Thus, therefore, also in the parts of the universe, each and every creature is for the sake of its proper act and perfection. Secondly, however, the less noble creatures are for the sake of the more noble ones, as the creatures that are below man are for the sake of man. Further, however, individual creatures are for the sake of the perfection of the whole universe. Further, moreover, the whole universe, with its individual parts, are ordered to God as to an end, insofar as divine goodness is represented in them by means of a certain imitation, to the glory of God; although rational creatures have God as their end in a certain special mode beyond this, whom they can attain by their own operation, by knowing and loving [him]. And thus it is manifest that divine goodness is the end of all corporeal beings.
Material creatures are ordered to their own perfection, as well as to serving humans and contributing to the completion of the universe, all of which ultimately give glory to God. Aquinas not only articulates these different finalities, but he also shows that they are not opposed to one another.
In this passage, Aquinas shows that the intrinsic goodness of non-rational creatures is not opposed to their serving human well-being or giving glory to God:
It is required for genuine love (ad veritatem amoris) that one wants the good of another according as it is that other’s good. For someone whose good one wants only insofar as it yields to the good of someone else is loved incidentally, just as he who wants to safeguard wine to drink it or a man to be useful or pleasurable to himself, loves that wine or man incidentally; essentially, he loves himself. But God wants the good of each and every thing according as it is its good; for he wants each thing to exist according as it is good in itself, granted he also orders one thing to the utility of another. Therefore, God truly loves both himself and other things.
An analogy with health can better help us understand what Aquinas is saying here. Health is desired as a means to other things. For example, we want to be healthy so that we can attend school or play soccer. However, even if we had nothing in particular to do, we would want to be healthy rather than sick. So, health is both a means and an end. In certain circumstances, health can be rightly sacrificed to serve a higher end (as is the case of those caring for people with contagious diseases). Similarly, non-rational creatures are ends insofar as they have goodness in themselves, but they are also a means to human well-being and to God’s glory.
The love that God has for non-rational beings is not an unqualified love that would preserve these things from all evil that did not potentially contribute to their ultimate good. As Aquinas puts it, those things one loves simply speaking one wants to exist forever.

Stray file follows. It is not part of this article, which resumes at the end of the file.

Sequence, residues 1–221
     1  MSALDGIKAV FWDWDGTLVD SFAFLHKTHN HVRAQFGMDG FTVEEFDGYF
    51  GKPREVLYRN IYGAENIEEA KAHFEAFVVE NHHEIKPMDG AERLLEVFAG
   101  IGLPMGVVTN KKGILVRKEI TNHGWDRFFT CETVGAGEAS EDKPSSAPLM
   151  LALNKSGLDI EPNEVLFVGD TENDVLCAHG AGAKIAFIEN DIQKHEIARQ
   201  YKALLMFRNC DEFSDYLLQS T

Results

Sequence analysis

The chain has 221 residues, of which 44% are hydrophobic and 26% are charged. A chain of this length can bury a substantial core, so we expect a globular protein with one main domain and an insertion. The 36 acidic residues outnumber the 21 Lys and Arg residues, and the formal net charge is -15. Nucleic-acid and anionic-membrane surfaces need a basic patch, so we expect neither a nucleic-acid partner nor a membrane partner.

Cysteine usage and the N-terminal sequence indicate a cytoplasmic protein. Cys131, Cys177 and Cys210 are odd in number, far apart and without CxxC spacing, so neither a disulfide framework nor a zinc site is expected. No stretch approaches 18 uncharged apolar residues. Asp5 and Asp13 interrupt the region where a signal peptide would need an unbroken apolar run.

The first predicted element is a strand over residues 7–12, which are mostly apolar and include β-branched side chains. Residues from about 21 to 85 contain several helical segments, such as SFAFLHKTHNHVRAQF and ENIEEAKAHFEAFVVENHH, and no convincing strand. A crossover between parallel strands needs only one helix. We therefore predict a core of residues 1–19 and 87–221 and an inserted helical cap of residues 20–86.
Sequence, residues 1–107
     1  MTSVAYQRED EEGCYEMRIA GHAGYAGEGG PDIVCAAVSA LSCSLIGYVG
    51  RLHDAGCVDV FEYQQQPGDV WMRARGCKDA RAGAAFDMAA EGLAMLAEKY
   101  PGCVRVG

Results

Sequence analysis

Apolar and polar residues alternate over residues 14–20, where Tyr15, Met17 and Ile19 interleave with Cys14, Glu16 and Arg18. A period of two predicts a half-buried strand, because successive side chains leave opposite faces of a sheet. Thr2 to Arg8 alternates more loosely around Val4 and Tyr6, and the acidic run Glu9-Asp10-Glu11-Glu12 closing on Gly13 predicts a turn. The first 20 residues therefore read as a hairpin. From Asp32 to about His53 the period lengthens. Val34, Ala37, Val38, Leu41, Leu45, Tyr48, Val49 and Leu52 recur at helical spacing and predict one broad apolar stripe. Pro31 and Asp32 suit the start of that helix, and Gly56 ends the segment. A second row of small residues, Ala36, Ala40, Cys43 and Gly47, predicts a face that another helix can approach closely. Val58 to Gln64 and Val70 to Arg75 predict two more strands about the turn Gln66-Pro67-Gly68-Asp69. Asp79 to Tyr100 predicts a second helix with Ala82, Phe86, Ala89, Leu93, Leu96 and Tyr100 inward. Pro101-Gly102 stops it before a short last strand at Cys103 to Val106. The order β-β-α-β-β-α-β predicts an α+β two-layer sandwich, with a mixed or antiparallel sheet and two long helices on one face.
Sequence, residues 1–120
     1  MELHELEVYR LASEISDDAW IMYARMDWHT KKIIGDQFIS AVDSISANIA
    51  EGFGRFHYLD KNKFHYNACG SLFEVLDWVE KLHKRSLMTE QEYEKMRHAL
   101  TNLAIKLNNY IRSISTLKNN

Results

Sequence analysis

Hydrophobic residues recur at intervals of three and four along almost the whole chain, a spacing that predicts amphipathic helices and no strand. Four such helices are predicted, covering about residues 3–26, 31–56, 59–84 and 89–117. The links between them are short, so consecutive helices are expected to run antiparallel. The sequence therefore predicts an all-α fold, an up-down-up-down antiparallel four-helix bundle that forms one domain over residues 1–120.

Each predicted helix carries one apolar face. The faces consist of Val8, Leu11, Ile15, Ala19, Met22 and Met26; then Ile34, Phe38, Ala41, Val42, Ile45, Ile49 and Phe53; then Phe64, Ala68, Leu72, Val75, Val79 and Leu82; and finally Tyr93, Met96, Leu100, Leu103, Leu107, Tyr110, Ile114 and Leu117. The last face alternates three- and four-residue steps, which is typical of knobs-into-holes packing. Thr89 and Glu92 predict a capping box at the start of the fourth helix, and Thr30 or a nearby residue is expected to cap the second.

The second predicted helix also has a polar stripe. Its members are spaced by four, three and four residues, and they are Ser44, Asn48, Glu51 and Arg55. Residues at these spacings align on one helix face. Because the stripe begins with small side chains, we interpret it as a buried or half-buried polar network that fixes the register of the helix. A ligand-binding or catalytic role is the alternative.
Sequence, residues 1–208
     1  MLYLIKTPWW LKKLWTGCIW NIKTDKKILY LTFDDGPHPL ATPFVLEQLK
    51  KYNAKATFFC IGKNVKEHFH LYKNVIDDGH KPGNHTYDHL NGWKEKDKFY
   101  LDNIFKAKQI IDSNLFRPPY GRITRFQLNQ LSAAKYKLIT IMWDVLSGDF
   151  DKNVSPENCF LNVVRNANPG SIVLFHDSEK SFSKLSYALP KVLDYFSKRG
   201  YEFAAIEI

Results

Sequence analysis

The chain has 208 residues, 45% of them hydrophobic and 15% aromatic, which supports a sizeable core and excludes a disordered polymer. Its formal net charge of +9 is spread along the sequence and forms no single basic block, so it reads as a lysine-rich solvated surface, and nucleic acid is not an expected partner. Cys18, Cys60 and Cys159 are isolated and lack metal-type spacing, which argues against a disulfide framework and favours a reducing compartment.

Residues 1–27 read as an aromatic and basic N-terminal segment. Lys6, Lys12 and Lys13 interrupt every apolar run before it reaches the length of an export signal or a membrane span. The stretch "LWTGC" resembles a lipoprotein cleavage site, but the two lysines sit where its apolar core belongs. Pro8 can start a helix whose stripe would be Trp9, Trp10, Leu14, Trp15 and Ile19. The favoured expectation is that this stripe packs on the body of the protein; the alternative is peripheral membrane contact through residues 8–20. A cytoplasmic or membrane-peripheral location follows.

For since the good of the creature comes forth from the divine will, therefore from the love of God by which he wants good for the creature flows some good into the creature. The will of man, however, is moved [by] the good pre-existing in things; and whence it is that the love of man does not entirely cause the goodness of a thing but presupposes it either in whole or part. Therefore, it is manifest that from any love on the part of God follows some good caused in creatures; nevertheless, sometimes not [a good] coeternal to his eternal love. And according to the difference of the sort of good is discerned a differing love of God for the creature. One [love] indeed is common, according to which “he loves all things that exist,” as is said in Wis 11:25; according as he bestows natural being on created things. Another love, however, is special, according to which he draws the rational creature above the condition of nature to a sharing in the divine good. And according to this love something is said to be loved simply speaking, because according to this love God wants simply speaking the eternal good that is himself for the creature.
God does love each existing creature in some sense for its own sake, insofar as he himself bestows on it the goods of existence and the ability to act. However, he does not will for every creature goods that are coeternal with his eternal love. Non-rational creatures are destined to perish, and accordingly God’s love sustains them for a limited span of time with an eye to the greater good of the universe; he loves them primarily as means. The only things that God loves for their own sake properly and without qualification are those for whom he wants the eternal good which is himself. For this reason, we cannot love non-rational creatures the way we love persons, for love in the full sense of the word means wishing that the other enjoy the Beatific Vision.
It is apparent from what has been said that Aquinas would be against the needless destruction of individual creatures, both because of their inherent goodness and their contribution to the universe as a whole, which in turn gives glory to God. At the same time, Aquinas holds that non-rational creatures are meant to serve our material and spiritual well-being. Like Augustine before him, Aquinas sees there to be morally right and wrong ways of ordering lower beings to us. In a homily on Luke, he says: